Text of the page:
People who have strokes usually have weakness only in the lower half of their face and may have it in their arms and legs as well. The problems caused by tumors usually take longer to develop (the symptoms start more slowly and get more serious over a longer period of time) than Bell's palsy does.
The doctor will ask about whether your child is experiencing weakness or paralysis in other parts of the body, and if he or she is having other problems, like double vision or trouble swallowing. The doctor will also want to know about any head injuries.
If you live in an area of the country where Lyme disease is common, your doctor will do a blood test to check for that infection.
If the facial paralysis lasts more than a few months, the doctor is likely to recommend further tests, such as X-rays, computed tomography (CT) scans, and magnetic resonance imaging (MRI) to rule out other problems. The doctor might also recommend that your child have an electromyography (EMG), which tests how well the muscles are responding to the nerves' signals.
Because the virus or infection that leads to Bell's palsy has usually passed, there is usually no treatment for Bell's palsy. In some cases, medications that help reduce the swelling faster can be used.
Typically, there is nothing that a doctor can do to treat Bell's palsy. It goes away once the swelling of the nerve goes down and the nerve recovers from any damage that the swelling caused. The nerve has to renew itself and that can only happen with time.
In some cases doctors can offer medications to help reduce the swelling or prescribe an eye patch or eye drops if the child's eye is dry.
Most people recover fully within 1 to 3 months, whether or not the condition is treated, although some will have permanent weakness in their face afterwards. It is very unusual for anyone to get Bell's palsy twice.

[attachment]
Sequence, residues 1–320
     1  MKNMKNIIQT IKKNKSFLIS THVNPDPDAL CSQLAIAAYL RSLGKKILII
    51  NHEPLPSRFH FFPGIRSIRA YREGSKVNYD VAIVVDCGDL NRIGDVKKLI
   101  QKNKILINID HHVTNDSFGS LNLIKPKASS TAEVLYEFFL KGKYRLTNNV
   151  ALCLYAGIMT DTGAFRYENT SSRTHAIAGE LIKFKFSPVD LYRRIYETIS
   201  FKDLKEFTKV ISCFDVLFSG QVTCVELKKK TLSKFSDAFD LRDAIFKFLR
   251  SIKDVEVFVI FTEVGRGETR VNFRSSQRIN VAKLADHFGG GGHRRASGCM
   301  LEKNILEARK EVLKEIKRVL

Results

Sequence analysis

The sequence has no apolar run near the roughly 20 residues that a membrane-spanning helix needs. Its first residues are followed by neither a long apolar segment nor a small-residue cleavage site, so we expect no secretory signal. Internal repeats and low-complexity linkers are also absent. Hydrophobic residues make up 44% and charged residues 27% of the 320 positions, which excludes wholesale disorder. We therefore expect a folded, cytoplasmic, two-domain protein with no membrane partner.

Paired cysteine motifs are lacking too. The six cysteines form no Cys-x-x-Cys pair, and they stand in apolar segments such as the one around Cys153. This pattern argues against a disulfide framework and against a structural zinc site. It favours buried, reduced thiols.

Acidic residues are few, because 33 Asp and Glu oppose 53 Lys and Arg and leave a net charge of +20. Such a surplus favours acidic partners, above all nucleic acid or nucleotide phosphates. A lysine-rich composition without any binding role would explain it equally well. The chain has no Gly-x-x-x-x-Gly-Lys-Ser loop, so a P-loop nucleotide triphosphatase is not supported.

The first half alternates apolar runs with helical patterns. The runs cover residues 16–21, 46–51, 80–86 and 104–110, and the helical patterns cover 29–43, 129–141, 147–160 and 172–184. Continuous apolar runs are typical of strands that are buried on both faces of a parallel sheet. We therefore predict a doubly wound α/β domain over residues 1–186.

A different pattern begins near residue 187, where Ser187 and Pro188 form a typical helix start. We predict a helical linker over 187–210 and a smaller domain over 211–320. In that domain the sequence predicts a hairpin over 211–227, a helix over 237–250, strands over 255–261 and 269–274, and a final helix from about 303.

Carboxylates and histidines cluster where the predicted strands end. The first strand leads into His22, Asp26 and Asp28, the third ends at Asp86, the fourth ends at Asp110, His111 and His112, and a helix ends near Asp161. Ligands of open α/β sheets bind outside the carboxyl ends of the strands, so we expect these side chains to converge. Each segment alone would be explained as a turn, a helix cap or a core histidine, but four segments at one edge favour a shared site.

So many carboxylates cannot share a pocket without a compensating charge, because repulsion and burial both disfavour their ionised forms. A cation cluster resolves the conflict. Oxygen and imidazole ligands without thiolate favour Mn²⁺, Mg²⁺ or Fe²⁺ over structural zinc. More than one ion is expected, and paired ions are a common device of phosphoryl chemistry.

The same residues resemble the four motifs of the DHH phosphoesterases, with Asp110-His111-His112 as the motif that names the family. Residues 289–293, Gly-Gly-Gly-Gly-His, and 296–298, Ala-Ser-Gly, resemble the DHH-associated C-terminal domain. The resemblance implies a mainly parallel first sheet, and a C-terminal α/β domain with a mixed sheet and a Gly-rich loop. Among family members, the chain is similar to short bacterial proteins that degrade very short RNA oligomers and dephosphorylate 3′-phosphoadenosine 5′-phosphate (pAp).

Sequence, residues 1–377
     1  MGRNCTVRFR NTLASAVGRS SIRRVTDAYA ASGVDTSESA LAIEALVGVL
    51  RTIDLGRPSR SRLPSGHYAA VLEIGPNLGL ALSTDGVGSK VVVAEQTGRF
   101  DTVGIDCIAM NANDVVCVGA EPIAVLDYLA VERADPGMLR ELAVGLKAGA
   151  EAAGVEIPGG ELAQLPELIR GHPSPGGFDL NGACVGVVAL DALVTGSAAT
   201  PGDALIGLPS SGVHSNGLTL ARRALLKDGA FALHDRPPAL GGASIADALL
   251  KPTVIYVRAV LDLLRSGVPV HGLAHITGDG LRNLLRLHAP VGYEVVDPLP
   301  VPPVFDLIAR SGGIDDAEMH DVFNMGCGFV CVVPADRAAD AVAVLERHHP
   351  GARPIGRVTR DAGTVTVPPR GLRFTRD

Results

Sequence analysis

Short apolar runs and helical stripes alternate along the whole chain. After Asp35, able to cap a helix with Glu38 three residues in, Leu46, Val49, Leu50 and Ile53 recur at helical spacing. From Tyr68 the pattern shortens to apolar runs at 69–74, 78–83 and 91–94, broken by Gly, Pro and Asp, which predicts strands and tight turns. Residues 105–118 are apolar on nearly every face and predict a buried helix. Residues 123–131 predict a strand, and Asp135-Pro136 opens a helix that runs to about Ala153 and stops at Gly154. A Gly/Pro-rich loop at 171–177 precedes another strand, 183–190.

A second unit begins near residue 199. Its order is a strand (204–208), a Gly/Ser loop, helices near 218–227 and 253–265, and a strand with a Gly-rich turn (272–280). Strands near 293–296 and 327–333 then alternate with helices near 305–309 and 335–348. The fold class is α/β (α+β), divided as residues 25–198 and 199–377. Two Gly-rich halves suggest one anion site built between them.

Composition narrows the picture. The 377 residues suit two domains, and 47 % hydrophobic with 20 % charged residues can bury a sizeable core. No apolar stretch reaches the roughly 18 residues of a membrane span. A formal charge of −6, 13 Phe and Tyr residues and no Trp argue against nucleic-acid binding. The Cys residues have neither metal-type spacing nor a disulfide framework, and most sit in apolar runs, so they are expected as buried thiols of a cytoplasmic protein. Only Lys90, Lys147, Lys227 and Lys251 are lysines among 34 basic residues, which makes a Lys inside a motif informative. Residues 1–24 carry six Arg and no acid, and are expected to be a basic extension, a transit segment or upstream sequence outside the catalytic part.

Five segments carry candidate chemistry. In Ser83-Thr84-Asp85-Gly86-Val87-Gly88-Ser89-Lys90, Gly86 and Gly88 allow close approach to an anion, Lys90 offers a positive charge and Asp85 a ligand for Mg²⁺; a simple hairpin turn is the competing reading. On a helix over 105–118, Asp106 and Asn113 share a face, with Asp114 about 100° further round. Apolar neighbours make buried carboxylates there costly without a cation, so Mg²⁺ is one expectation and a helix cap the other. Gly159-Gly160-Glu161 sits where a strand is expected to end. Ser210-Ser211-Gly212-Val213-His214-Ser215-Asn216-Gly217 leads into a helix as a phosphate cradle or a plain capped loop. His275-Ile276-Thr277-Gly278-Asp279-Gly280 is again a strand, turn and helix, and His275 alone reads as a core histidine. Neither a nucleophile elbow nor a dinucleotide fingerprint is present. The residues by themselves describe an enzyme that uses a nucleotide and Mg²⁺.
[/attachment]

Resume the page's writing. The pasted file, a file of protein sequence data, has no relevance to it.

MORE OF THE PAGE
Making sure your child eats well and gets plenty of sleep are important to healing. Activities and sports participation don't have to be limited as long as your child can close the eye (to protect it). If the eye can't be closed, talk with the doctor about using protective glasses or a patch to prevent eye damage.
Helping Kids Cope
Bell's palsy can be tough for kids because it affects their appearance so dramatically. Reassure your child that his or her face will soon return to normal.
If your child is being teased, consider talking with teachers, school counselors, and coaches — you might even want to speak to the class, if your child is comfortable with that. You also can practice responses with your child in case people ask what's wrong, stare, or say unkind things — explaining that it's a temporary medical problem that isn't contagious will probably satisfy most questioners.
With a little patience, and some extra doses of love and support from you, your child will be feeling better very soon.
Reviewed by: Mena T. Scavina, MD
Date reviewed: April 2009
Note: All information is for educational purposes only. For specific medical advice, diagnoses, and treatment, consult your doctor.